The city of Santa Fe needs to get its finance house in order.
The recently released financial audit of city finances for 2020, filed months after its due date, contained multiple findings on bad practices and can hardly be called successful.
And yet, on exam, there is hope of a Santa Fe in which financial practices are no longer embarrassing at best and potentially fraudulent at worst. Because don’t make a mistake, this audit shows progress.
We are not buying the line for the city to excuse the delay due to the pandemic, staff shortages and the transfer of the city’s financial books to a new system. Late is late. The audit of the 2021 financial year is due in December and must be carried out on time.
Likewise, we do not apologize for the report’s 21 findings, which show the city still has much work to do to keep its books in acceptable order.
The exam, conducted by the independent CliftonLarsen Allen, gave a “clean” result – in exam terminology, this means that the documents submitted actually reflect how the city’s finances were performing during the months in question. Good, but don’t confuse “clean” with “clean” or even “tidy”. Because this audit was not a picture of unpretentiousness.
While it seems like a minimal expectation that the books will accurately reflect the actual numbers, an external review of city finances in 2017 found abuses and bad practices dating back years. The books did not necessarily reflect how money was raised and spent.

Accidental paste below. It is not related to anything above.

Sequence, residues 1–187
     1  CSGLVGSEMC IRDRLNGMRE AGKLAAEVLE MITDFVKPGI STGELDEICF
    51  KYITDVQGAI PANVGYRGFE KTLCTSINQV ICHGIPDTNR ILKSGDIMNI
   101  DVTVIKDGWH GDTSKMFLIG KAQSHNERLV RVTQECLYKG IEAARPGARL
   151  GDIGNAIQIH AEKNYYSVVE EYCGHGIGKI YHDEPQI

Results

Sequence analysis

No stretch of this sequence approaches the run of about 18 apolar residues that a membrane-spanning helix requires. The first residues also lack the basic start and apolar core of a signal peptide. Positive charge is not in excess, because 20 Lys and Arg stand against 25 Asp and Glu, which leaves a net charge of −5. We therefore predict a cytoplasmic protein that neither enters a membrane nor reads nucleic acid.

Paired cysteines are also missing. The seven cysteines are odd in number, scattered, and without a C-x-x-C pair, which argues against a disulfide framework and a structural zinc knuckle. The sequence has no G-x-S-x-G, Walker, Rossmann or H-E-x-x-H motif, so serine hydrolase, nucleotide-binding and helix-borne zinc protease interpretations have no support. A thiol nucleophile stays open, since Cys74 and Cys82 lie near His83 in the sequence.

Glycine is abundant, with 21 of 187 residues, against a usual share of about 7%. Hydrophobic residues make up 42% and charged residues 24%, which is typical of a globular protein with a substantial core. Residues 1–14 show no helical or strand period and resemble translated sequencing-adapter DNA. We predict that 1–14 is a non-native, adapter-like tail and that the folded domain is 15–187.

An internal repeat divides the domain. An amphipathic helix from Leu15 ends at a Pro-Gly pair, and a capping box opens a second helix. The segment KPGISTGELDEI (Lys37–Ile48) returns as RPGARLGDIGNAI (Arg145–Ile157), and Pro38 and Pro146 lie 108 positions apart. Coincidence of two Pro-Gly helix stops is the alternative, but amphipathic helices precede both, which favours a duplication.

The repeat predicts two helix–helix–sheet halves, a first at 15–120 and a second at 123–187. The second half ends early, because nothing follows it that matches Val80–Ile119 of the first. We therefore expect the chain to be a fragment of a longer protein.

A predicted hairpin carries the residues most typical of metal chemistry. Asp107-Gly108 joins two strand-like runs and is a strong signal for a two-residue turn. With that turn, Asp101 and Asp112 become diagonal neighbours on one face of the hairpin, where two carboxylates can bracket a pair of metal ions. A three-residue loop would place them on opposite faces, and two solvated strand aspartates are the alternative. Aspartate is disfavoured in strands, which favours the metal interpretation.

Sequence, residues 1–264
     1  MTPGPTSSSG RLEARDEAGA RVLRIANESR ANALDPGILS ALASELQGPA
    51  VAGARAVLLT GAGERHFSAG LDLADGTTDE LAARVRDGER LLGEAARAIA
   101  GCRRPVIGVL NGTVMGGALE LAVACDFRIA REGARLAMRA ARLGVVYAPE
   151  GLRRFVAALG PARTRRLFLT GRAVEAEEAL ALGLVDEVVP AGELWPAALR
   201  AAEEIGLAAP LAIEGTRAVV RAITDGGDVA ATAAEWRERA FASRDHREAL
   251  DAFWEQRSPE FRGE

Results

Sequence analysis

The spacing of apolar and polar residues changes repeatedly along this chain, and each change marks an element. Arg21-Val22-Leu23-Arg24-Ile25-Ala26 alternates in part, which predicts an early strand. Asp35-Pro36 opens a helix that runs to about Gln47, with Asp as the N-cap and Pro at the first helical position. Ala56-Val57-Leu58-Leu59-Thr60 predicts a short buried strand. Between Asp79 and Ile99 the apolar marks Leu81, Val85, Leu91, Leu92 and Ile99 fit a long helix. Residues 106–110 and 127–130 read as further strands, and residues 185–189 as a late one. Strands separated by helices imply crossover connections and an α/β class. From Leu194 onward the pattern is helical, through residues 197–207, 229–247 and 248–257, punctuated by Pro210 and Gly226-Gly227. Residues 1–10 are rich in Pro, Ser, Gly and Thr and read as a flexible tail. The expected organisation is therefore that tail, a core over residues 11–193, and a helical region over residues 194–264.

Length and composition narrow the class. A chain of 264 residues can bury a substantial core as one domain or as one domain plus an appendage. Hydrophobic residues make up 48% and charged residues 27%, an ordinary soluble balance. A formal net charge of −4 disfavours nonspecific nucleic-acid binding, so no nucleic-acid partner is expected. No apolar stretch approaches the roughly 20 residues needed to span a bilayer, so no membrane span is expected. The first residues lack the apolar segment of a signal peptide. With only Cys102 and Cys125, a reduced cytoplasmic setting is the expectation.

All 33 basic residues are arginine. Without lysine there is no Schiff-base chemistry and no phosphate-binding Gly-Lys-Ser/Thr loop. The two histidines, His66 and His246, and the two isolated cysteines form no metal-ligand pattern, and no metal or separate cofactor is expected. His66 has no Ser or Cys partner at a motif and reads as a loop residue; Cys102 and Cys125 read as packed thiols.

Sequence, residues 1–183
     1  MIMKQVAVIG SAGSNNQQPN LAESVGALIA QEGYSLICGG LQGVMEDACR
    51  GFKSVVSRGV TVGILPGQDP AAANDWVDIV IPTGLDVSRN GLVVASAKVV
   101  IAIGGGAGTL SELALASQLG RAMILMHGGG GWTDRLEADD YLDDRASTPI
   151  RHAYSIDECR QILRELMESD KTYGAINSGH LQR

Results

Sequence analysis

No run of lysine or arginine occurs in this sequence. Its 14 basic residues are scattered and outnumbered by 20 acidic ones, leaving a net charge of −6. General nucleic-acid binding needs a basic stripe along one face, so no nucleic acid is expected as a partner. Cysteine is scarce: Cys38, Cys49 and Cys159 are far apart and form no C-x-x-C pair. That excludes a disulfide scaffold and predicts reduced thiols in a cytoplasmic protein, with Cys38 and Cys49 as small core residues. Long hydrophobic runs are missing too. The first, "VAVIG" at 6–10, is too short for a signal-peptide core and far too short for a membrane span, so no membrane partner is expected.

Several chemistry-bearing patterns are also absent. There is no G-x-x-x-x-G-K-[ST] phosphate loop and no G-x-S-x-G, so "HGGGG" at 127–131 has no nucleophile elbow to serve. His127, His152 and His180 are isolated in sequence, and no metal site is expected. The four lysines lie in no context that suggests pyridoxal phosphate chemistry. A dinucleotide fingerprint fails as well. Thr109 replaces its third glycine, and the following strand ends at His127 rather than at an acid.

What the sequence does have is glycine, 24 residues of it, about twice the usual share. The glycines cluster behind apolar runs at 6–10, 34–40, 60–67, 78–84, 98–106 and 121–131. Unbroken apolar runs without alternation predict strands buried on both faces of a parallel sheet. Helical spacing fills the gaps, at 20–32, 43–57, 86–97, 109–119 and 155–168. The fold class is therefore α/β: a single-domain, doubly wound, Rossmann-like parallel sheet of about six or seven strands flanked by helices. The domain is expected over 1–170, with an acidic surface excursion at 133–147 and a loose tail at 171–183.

Among other problems this year, the city discovered major cash handling problems in both the Genoveva Chavez Community Center and the Utility Billing Division. Fraud was suspected at the Chavez Center, while a former employee in the Utility Billing Division pocketed $ 4,600.
Poor internal controls and practices were also discovered, such as writing a customer’s credit card number on sticky notes and leaving the notes open.
To be clear, Santa Fe’s financial troubles were decades in the making. Tidying them up didn’t happen overnight.
Now the city must realign its efforts on a number of fronts. First, the finance department needs enough staff to get the job done. The manpower has been short for months and that’s not a way to do business.
Tyler Munis’ new financial and human capital management system has been installed. Training for all departments must follow. There’s no point in having the latest system if people can’t use it.
The audit also showed that the city is financially well positioned. Despite a global pandemic that is causing gross income taxes to drop, the city has improved its fund reserves and debt management.
City Finance Department staff also managed to distribute $ 17.5 million in federal CARES Act funds in just a few months at the close of fiscal 2020. And that despite a short schedule and a vacancy rate of 40 percent in the office.
The focus now must be on completing the ’21 audit on time and fixing the issues identified in 2020. The city has approved $ 500,000 to hire assistance to get the audit done on time. Closing the books is made easier by a further improvement – of 400 funds, the city now has 70 funds and plans to simplify the budget even further in the coming years.
Pay close attention to how federal funds are tracked and spent. The city is currently unable to compile an exact list of the amounts that have been spent from federal premiums. It also hasn’t requested full reimbursements for some federal expenses, which could result in the city losing reimbursements. In short, a late audit with 21 findings – 10 “significant” and eight “material” – is not where Santa Fe should be.
In 2017, the city took a close look at its business operations and made a commitment to turn things around. The improvements are slow but significant. Now is the time to see more urgency – and get better results.